Throughout Castejón’s artistic career, there has been a radical criticism of identity, as we can see in his decomposition of faces, and, in his most recent works, the inclusion of crowds of faceless characters. We must remember that, in spite of a terror of modernity, there is a hidden group of artists interested in the complexity and at the same time transparency of the face. “Faithful to the face, closely bound together, allied again in representing the human face without attacking it, without murdering it, degrading it or rejecting it, from a Picasso stubbornly determined to state reality and resisting the leap to abstraction to a Beckmann, who, in exile in America, still bore witness to the fate of Germany, from Bonnard to Balthus, from Spencer to Freud, from Hopper to Giacometti, from Music to Arikha, they have all obeyed the order of Martin Buber, heir to an ethical anthropology, who summed up the terror of out time. ‘Only those who know the relationship with Thou and its presence is capable of making a decision. He who makes a decision is free, because he has appeared before the face.’37” Reynolds formulated the idea that a painter of history paints man in general, whereas a portrait painter paints one particular man and therefore one particular model. Castejón, who has made many portraits, all with a singular sentimental projection, also develops a nucleus of masked subjects, devoted to permanent dramatisation, figures in a colossal absurdity. “Castejón offers us the epitome of vanity, pride, duplicity, avarice, desire for power, suspicion, hypocrisy, flattery, lust, envy or bitterness, insofar as an explicit denial –on the basis of zoomorphic symbols– of the ideal axiological table, which, as a purely formal model of human positivity, society itself proposes to us as an ethical desideratum, in a curious –and dramatic– paradox.38”

The referent in all Joan Castejón’s works is man, “although he is not concerned with atemporal and ahistorical man, but obsessed with the dehumanised situation in which, due to material progress, concrete man finds himself involved through the actions or omissions of real power39”. His subject-matter is immense, which is why the artist’s task is titanic: “to manifest,” as he himself has stated, “man’s truth by means of his work”. His drastic scenes of nakedness express, therefore, anxiety about the radical disagreement that is human nature. “His drawings are a restrained human concretion. A heaped-up, complex exaltation of the organic. A new artifice-free figuration. A magic and personal memory of the being, but also the generous emanation of a struggle to reach a goal that Art and Society have irremediably set out for them.40” Foucault said in The Order of Things that thought is never present, available, for itself, the wish for a “representation in a picture” that does not succeed in making man appear. For man’s experience there is a body that is a fragment of an ambiguous space, whose own irreducible spatiality is articulated, nevertheless, on the space of things: awareness of finitude, the end of metaphysics as an infinite unfurling of causal concatenations. It can be sustained that man and the unthought of are, at an archaeological level, contemporary. The unthought of is not lodged within man like a twisted nature or a story stratified there; it is, in relation with man, Otherness: fraternal, kindred otherness, born not of him or in him but beside him and at the same time as him, in an identical novelty, in an unappealable duality. Foucault himself put out the idea that man is an invention whose recent date easily demonstrates the archaeology of our thought. If the convolution of language leads to the fact that “at the present time we can contemplate only the void left by missing man41”, it is also evident that there arises the possibility of rethinking the subject’s production conditions, the microphysical network where knowledge, desire and reality are entwined. “Perhaps the main problem is that life as we knew it no longer exists but, even so, nobody is capable of assimilating what has survived instead.42” Before our eyes, there remains empty man, the naked being that Castejón draws, perhaps overcome by anxiety, attempting to respond to the challenges of the outside: the image condenses an obsessive sense of loss.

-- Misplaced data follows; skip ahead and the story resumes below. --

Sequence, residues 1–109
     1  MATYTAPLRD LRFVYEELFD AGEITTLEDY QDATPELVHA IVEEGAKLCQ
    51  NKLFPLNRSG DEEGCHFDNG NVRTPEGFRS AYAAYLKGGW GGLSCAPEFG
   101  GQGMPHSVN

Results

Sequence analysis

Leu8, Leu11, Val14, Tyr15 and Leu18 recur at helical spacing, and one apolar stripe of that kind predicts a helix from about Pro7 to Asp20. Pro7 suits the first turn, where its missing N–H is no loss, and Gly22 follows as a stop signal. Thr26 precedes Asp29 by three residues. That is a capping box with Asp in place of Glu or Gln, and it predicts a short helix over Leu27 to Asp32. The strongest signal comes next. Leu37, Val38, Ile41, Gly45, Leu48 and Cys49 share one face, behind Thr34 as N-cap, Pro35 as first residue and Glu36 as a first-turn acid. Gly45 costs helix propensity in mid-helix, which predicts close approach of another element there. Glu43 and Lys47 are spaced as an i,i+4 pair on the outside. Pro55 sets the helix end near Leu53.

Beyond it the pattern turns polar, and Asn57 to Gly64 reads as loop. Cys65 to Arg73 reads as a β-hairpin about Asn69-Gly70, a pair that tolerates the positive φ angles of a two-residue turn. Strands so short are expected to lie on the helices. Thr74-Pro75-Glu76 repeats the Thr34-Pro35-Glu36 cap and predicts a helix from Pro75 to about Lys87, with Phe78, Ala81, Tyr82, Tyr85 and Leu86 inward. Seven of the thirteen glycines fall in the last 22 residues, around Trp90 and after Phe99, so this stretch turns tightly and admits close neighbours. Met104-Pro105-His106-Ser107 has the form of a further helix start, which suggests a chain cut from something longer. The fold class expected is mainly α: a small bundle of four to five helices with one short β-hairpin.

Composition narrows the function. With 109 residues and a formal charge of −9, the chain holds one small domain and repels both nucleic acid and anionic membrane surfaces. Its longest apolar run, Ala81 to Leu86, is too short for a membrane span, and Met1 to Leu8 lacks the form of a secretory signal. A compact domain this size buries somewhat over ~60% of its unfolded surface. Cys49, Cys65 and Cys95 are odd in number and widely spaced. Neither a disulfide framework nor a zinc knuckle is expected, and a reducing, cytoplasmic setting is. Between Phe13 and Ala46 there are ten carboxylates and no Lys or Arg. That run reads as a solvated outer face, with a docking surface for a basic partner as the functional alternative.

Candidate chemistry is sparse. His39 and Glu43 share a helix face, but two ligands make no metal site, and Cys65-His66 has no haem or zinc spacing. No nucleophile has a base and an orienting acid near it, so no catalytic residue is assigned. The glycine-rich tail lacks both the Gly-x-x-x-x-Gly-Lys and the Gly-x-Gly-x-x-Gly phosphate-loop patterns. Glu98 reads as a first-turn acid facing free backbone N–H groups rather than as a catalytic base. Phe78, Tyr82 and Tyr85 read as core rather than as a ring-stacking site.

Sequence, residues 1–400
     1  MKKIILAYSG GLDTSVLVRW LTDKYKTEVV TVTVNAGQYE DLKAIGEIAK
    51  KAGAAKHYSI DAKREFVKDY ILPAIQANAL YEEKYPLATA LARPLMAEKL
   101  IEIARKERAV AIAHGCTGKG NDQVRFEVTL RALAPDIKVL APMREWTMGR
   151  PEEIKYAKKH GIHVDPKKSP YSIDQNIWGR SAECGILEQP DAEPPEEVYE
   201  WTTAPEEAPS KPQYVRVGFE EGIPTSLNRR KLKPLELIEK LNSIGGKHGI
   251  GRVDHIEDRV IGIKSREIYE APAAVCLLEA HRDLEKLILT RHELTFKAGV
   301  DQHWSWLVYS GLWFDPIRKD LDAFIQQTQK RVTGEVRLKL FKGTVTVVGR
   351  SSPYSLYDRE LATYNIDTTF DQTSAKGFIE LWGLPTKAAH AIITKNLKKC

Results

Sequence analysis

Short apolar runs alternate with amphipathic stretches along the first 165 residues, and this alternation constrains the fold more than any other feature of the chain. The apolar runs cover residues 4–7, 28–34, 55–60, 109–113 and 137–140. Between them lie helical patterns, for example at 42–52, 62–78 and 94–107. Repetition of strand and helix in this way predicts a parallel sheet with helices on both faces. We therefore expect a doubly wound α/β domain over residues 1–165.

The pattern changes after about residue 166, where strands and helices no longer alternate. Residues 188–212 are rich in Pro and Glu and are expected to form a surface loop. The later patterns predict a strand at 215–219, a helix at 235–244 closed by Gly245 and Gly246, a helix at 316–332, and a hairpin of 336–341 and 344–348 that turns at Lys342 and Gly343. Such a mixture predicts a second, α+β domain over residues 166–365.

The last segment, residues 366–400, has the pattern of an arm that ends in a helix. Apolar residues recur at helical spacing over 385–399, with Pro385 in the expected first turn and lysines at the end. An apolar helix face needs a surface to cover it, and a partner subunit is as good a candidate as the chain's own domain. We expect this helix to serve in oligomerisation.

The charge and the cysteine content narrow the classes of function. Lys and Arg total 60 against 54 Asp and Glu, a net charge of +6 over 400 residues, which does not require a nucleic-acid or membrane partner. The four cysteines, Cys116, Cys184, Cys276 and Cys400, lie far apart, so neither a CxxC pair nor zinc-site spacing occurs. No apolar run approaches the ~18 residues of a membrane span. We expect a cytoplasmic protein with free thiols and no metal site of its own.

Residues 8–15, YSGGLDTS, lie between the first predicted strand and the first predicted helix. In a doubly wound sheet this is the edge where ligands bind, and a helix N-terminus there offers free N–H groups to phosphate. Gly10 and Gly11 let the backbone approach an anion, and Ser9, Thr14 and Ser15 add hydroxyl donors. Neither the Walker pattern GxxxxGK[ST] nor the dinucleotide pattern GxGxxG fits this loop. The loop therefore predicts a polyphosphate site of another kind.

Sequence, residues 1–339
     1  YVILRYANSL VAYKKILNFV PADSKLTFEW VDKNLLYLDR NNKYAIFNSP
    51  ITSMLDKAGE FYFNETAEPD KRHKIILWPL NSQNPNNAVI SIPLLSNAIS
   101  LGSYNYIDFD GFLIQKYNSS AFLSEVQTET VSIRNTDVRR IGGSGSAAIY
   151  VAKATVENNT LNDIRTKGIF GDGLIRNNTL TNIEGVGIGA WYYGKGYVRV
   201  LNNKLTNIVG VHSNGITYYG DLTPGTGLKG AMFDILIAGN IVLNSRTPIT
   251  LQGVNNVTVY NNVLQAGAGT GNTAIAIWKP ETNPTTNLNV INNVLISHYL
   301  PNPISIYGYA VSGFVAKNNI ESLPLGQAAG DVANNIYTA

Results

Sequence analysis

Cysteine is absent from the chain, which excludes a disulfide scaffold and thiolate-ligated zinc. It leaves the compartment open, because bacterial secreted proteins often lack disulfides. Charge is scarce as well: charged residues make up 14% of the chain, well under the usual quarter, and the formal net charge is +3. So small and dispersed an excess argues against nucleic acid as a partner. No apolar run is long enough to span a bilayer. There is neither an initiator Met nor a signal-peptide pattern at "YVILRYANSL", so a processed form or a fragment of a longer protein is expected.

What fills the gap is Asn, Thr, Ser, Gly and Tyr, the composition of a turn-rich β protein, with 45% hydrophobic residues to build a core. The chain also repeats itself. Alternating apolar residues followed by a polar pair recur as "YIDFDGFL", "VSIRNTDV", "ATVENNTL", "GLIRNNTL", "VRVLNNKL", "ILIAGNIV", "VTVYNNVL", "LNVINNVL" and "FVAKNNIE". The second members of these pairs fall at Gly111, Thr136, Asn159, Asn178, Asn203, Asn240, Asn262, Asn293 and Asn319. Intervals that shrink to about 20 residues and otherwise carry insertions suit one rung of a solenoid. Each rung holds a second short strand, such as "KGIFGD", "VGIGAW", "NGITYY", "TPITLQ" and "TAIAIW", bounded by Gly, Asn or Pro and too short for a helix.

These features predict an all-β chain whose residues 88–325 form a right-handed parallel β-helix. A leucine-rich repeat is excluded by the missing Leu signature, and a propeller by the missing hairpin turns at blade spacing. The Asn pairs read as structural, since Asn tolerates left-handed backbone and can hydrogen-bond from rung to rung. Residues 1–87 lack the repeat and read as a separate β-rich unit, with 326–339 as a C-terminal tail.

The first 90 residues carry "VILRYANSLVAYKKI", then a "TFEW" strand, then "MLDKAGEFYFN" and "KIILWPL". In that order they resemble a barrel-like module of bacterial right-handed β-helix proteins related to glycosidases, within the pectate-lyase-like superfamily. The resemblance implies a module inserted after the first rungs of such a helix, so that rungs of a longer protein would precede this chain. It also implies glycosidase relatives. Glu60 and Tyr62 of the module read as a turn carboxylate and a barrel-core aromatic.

Joan Castejón’s version of Velázquez’s Las Meninas is meaningful, as he has turned it into a very particular selfportrait (¿Olvidó algo D. José? [Autoretrat], 1975) with the outline of a shadow on the canvas broken by the pull of a nauseating, carnal putrefied body, perhaps part of the room in the background, where the parody of the “original” chamberlain stands. We know that Velázquez’s drawing leaves the draughtsman on view, at the same time as the painting reveals its artificiality. “The canvas, that opacity, is now the theme of the drawing.43” A canvas that no longer turns its back to us but, rotated towards the obsessive space of the gaze, shows the dark outline of the author but also his unsublimated materiality: from the “empty” canvas hangs a shirt, as though only the testimony of weariness will remain. The space of the painting has no longer so much to do with linguistic convolution or the irruption of the aberrant within the real (heterotopia), now we have a disturbing, almost abject scene: the image included in a disgusting architectonic circumstance, the carnal rending of the territory in which before power could adjust the pose. In Castejón, the tragic sense of the human figure appears repeatedly44, the testimonies of misfortune, the representation of the conflict. Román de la Calle has described the tragic modulations of humanity in Castejón’s work:

“a) At times by means of the destruction of the anatomy, the sutures and grafts, the corporeal fragmentation as a result of physical violence. <


p> “b) In other cases by means of a metonymic device that emphasises the disintegration and progressive deterioration of human reality, exemplified in the in vivo corruption of its corporality or the announcement of a virtual genetic mutation.